Let's Opt Out Of Ottawa!
Last week, there was a story in the news that, at first glance, may seem unrelated to Alberta's fight for fairness.
However, when we dug into the details, we realized that it could have major implications for our province and our relationship with Ottawa.
On the last day of May, British Columbia Minister of Mental Health and Addictions, Sheila Malcolmson, and her federal equivalent, Carolyn Bennett, held a joint press conference in Vancouver to announce that the federal government would be giving the British Columbia government an exemption from the enforcement of Canada’s federal drug policy.
This is an exemption that the British Columbia government has been pushing for, for quite some time, and means that in British Columbia, it will no longer be a criminal offence for Canadians over the age of 18 to possess up to a cumulative 2.5 grams of opioids, cocaine, methamphetamine, and MDMA.
Now, whatever your opinion on this particular policy, the idea of the federal government giving a province an exemption to a federal law is a unique and intriguing idea and this exemption to one law for one province could very well set a very important precedent.
I mean, if British Columbia can do it, why not us?
If the federal government can give British Columbia an exemption to one federal law, it seems only logical that they could give Alberta an exemption to a federal law too, right?
In fact, there are a litany of federal laws with which our provincial politicians - of various political stripes, I might add - have taken issue when it comes to our dealings with Ottawa.
Equalization immediately comes to mind.
If Alberta doesn’t want to ship $22-billion per year to bribe Quebec to keep them in Canada, then why should we?
Perhaps Alberta could ask for an exemption to the “No More Pipelines Law,” formerly Bill C-69, which creates a shifting environmental review process and effectively kills all future pipeline and major energy projects?
Maybe Alberta’s newly appointed Chief Firearms Officer, Teri Bryant, should immediately seek to obtain an exemption for Alberta to Bill C-21, a gun control bill described by Prime Minister Justin Trudeau as “some of the strongest measures in Canadian history” when it comes to the government seizing private property.
Why not get an exemption to the rules that require federal taxes to be collected federally, and then an Alberta Revenue Agency could collect both federal and provincial income taxes right here in Alberta?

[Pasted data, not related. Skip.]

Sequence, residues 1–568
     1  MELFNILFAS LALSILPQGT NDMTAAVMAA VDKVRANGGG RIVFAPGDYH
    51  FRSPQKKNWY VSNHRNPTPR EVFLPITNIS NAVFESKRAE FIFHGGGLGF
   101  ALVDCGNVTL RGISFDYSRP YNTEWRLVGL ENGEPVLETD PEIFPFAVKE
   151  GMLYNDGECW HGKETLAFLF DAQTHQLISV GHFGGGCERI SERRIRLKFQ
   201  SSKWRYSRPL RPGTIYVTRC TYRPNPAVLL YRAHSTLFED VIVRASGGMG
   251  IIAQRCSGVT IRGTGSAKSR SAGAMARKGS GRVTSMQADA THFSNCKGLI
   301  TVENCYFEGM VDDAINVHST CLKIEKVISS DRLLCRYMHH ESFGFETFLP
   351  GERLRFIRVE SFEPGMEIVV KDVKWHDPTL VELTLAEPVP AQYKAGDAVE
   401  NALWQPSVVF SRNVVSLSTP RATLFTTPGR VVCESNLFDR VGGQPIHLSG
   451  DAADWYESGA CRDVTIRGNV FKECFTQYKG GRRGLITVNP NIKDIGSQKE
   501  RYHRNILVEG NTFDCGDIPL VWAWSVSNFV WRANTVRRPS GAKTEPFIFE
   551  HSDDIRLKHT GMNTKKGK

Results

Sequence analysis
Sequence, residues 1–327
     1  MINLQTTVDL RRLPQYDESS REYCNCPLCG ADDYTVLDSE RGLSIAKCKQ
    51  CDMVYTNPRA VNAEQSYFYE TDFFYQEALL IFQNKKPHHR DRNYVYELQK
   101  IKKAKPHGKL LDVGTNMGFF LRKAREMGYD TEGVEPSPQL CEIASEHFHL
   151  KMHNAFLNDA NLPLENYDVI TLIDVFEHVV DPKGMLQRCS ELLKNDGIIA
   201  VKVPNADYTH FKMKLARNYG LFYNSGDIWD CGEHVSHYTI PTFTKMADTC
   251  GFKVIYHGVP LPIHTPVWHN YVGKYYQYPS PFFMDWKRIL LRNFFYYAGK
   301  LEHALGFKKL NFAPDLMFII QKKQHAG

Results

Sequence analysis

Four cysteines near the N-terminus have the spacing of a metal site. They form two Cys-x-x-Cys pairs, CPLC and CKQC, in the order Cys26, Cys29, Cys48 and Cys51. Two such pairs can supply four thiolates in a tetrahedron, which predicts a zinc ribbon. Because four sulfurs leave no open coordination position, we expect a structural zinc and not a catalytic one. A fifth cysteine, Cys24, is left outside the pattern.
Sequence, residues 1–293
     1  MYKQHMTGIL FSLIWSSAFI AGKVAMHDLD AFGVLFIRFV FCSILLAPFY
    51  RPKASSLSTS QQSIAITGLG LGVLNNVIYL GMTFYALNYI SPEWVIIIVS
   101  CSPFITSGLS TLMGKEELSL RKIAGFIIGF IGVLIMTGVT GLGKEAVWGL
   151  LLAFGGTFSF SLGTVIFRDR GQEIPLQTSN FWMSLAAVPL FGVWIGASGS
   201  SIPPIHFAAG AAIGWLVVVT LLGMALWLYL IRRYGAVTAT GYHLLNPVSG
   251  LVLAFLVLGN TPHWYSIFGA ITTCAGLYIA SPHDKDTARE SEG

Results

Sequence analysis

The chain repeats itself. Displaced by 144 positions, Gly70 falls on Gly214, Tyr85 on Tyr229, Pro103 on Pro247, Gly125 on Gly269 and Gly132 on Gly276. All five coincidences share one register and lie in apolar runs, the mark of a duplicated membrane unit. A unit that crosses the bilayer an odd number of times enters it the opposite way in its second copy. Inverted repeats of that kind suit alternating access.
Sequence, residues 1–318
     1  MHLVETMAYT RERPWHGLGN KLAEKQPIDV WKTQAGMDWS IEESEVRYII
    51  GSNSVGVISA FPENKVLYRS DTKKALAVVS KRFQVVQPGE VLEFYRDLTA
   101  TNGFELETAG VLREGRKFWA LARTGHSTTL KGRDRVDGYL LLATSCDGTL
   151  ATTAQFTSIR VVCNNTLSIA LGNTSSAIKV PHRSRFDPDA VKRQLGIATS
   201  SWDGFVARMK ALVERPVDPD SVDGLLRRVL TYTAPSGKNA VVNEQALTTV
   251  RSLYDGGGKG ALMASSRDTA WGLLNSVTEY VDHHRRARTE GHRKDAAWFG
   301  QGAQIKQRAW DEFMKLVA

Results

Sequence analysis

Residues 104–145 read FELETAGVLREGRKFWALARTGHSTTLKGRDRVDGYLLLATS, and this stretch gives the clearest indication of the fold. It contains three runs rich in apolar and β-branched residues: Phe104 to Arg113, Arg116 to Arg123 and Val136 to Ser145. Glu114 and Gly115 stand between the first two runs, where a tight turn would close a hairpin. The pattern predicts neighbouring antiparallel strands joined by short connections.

(Heck, while we're at it, how about an exemption from federal income and GST taxes entirely - we can dream, right?)
Now, of course, none of this means that the federal government would have to agree to give Alberta these exemptions.
That's a different matter entirely and would have to be subject to intense lobbying, pressure, and negotiation.
But you don't get anything you don't ask for, so we might as well start now.
Besides, the current federal government won't be around forever, and a future government could very well take this precedent in some interesting directions.
If it becomes the accepted norm in Canadian politics that provinces can seek and obtain exemptions when it comes to the implementation of federal laws, then this could dramatically shift the balance of power in Confederation, and Alberta should be using this technique to seek as much autonomy from the federal government as is possible.
Perhaps most importantly, developments like this clearly demonstrate what Project Confederation has been saying all along.
Whenever Alberta has asked for more autonomy, we get pushback, and sometimes even ridicule, from Ottawa, academics, and the media, who all like to say that that's not how the constitution works.
But, clearly based on this precedent, Canada's constitution is not fixed, and politicians are perfectly able and willing to bend it to suit whatever happens to be politically convenient to them at that particular time.
That can cause major problems, as federal politicians ignore precedents to take advantage of Alberta.
Historically, Quebec has been given incredible latitude to do whatever they want - whether constitutional or not - and now British Columbia is joining in on the party.
But we can also use this same pliability to advantage Alberta and push for changes that benefit Albertans.
We are not asking for anything unique or radical.
We are just asking for the same treatment as the rest of the country.